Having a criminal record can make completing everyday tasks challenging. Leasing an apartment, finding a job, and applying for financial aid for college are just a few things that a criminal record can impact. However, depending on the nature of your crime, you may be able to leave the conviction behind. Working with Houston white-collar crime lawyer will offer you the best chance at getting your conviction vacated.
Ask a White-Collar Crime Lawyer: What Does It Mean to Get a Conviction Vacated?
When a conviction is vacated, the judgment is annulled or set aside. Having a conviction vacated is not the same as being declared “not guilty,” as it does not mean the original judgment was wrong. Instead, it simply resets your record as if the conviction never happened.
Once you have had your record vacated, you can say you were never convicted of the offense legally. For individuals who have encountered issues with employment due to a conviction, this will be a welcome relief, as they will not have to admit to having a criminal record on job applications.
Having a Conviction Vacated in Texas
While the rules that dictate whether you can attempt to vacate your conviction vary from state to state, most require specific grounds to be met before you can pursue this option. For example, the Texas Rules of Criminal Procedure and Texas criminal law do not specifically allow for a generic “Motion to Vacate” to be filed. That means if you wish to file for your conviction to be vacated, you must file it in conjunction with other post-conviction procedures, such as:
When You File a Motion Requesting a New Trial
If your trial results in a guilty verdict, you can request the court to set aside your guilty verdict and order a new trial. This motion must be filed within thirty days of sentencing and brought before the original judge who presided over the trial within ten days of filing. For you to be able to file a motion requesting a new trial, your trial must have met specific criteria that make the original trial invalid.
When Filing a Motion in Arrest of Judgment
This motion questions the soundness of the information, which is the formal criminal charge that initiates court proceedings. A motion in arrest of judgment can also question the validity of the accusation made against the defendant or the verdict concerning the information or charge. These motions are used by defendants when they believe a judgment has not been legally decided and must be made within 30 days of the original sentencing.
When Filing a Motion for Judicial Clemency
You can only file for judicial clemency if you are sentenced to probation following your conviction. Your lawyer will present an application to the trial court that claims you are fully rehabilitated and prepared to live as a law-abiding citizen. The right to grant clemency is entirely up to the judge’s discretion, and you do not have the right to pardon simply for completing probation. In addition, certain crimes are ineligible for clemency.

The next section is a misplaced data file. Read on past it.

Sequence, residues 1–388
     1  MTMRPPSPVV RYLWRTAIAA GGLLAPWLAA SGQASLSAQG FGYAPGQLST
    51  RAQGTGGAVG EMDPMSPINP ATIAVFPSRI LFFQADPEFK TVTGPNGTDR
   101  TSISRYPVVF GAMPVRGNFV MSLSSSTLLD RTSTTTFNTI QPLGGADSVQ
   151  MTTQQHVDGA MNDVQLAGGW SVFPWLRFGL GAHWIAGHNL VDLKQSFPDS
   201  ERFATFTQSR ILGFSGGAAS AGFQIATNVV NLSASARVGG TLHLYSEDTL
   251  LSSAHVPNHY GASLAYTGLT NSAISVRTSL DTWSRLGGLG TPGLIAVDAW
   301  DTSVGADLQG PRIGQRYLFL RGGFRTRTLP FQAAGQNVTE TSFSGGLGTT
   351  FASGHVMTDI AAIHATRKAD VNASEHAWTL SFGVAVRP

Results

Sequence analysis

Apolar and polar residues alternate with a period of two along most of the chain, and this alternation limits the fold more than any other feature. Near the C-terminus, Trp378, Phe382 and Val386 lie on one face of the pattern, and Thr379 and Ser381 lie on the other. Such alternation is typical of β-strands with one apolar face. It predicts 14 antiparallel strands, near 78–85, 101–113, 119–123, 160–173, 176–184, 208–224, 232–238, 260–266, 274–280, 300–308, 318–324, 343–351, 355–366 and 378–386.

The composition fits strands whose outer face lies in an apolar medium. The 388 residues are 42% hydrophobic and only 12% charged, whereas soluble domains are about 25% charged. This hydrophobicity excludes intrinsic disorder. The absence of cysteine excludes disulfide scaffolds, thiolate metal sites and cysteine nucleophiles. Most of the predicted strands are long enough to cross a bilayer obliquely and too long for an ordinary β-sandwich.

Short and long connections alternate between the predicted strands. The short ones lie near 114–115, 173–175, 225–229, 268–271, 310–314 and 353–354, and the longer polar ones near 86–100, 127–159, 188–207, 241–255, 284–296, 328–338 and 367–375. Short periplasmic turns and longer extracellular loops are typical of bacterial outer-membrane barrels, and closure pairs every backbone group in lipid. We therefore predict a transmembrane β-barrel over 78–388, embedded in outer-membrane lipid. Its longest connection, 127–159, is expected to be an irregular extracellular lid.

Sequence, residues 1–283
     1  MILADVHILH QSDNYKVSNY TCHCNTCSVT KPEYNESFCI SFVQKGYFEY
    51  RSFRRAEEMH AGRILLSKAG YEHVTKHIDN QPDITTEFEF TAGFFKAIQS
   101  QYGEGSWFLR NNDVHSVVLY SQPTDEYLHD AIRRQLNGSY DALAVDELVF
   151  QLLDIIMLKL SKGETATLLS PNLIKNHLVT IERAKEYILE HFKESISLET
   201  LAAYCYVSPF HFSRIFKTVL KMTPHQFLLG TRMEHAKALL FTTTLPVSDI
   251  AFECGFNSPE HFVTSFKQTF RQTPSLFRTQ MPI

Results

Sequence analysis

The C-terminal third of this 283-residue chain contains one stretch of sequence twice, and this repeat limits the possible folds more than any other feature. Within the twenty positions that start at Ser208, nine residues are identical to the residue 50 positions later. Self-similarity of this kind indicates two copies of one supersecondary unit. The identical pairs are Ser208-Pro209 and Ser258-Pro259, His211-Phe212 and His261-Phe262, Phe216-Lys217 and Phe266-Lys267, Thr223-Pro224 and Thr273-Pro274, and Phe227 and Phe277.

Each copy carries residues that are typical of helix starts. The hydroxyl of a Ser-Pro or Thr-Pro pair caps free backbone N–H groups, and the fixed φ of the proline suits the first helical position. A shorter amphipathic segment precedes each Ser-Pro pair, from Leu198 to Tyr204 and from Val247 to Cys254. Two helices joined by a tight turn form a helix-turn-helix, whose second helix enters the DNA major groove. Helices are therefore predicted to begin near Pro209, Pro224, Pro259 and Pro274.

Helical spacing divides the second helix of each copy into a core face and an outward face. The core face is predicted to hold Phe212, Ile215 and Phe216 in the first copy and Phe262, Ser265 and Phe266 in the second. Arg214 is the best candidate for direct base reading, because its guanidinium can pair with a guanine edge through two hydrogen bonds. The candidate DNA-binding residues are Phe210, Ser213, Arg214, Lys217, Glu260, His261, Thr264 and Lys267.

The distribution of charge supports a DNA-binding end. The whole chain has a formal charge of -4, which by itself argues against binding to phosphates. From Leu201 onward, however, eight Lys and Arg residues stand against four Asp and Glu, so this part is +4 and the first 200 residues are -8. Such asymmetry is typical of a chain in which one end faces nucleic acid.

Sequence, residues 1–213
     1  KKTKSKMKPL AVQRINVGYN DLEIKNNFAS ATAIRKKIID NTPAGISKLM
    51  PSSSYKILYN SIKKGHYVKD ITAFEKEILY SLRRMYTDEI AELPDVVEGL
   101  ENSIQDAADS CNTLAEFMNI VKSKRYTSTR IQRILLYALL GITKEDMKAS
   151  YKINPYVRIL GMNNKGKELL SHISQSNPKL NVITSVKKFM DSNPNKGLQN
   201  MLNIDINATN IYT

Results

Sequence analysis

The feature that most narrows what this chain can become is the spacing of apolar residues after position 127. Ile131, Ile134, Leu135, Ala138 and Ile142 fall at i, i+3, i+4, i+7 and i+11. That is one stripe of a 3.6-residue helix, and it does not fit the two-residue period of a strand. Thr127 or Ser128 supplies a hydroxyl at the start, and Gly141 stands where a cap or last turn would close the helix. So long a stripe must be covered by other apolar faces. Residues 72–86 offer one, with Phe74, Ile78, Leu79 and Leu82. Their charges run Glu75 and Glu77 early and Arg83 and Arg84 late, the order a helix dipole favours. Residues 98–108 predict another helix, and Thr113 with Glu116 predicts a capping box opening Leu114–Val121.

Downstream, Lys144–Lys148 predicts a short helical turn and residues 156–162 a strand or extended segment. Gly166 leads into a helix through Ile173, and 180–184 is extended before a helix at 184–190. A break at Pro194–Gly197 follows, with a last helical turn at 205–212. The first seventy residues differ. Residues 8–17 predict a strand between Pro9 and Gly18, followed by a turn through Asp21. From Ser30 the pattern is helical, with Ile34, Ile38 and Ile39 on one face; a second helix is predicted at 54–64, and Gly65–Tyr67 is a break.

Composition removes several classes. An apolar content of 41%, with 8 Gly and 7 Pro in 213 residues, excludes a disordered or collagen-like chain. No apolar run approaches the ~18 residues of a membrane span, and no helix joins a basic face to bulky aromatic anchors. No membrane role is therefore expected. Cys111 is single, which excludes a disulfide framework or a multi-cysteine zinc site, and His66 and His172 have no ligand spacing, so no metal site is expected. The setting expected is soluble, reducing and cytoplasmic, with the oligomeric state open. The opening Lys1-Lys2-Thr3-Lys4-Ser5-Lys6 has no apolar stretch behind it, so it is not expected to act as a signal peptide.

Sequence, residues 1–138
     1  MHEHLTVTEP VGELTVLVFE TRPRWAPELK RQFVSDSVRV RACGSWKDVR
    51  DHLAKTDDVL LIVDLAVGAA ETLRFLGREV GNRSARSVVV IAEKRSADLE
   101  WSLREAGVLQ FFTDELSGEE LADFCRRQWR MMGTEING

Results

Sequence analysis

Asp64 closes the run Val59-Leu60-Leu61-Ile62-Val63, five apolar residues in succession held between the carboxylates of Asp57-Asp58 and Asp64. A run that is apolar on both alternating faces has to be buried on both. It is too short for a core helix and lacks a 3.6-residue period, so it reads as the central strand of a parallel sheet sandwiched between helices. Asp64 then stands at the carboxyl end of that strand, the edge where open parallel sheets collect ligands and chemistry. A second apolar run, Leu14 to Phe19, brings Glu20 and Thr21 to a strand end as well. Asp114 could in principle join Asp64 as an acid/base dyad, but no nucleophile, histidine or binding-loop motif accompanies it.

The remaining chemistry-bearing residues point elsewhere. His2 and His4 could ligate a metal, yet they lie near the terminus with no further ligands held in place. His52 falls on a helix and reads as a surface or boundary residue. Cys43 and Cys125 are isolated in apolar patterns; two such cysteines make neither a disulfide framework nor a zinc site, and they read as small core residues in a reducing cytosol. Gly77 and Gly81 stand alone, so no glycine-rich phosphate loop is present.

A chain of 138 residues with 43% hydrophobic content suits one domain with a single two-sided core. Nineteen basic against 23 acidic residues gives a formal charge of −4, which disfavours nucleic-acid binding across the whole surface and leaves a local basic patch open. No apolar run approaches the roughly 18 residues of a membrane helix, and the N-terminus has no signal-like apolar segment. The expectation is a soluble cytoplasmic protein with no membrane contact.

When Directly Appealing a Conviction
With a direct appeal, you don’t disagree with the verdict as much as you are stating errors or negligence occurred during your case that resulted in you having an unfair trial and unjust sentence. Directly appealing a conviction will require your lawyer to submit a brief detailing all the errors made by the trial judge during your trial.
This brief is presented to an appellate court for review. If the appellate court finds enough issues in your case that they believe you did not have a fair and just trial, they can reverse the original verdict or refer the case back to the trial court.
When Filing a Motion for Habeas Corpus
Filing a motion for a writ of habeas corpus is sometimes used to vacate felony convictions in Texas. A writ of habeas corpus means “to produce or find the body.”
This motion requires the entity holding the person in custody to bring the defendant to court and show a legal, valid reason for their detainment or incarceration. In addition, when filing habeas corpus, there must be a basis to claim that the defendant had their federal constitutional rights violated, which led to the conviction, or that the defendant is innocent of the crime for which they were convicted.
Find Houston White-Collar Crime Lawyers
If you believe your conviction for a crime could potentially be vacated, you’ll want to contact a lawyer with experience handling cases like yours. Since having a conviction vacated is complicated, your chances of success are low without a skilled attorney’s expertise. To learn more about removing convictions for white-collar crime from your record, you’ll want to discuss the details of your case with an experienced lawyer.
Once you’ve decided to pursue having your conviction vacated, reach out to a lawyer immediately. Texas law has strict time limits on filing motions and appeals, and if you miss these deadlines, you’ll miss your opportunity to clear your record. Alternatively, depending on the crime you have committed, you may have to wait a set period before seeking to have your conviction vacated.
When you file a motion to vacate a conviction in Texas, that motion must be made in conjunction with one of the motions or appeals mentioned above. Regardless of the motion you file, there’s no guarantee that you will get your conviction set aside. You’ll need to discuss your case with Houston white-collar crime lawyers to determine whether vacating your conviction could be feasible for your situation.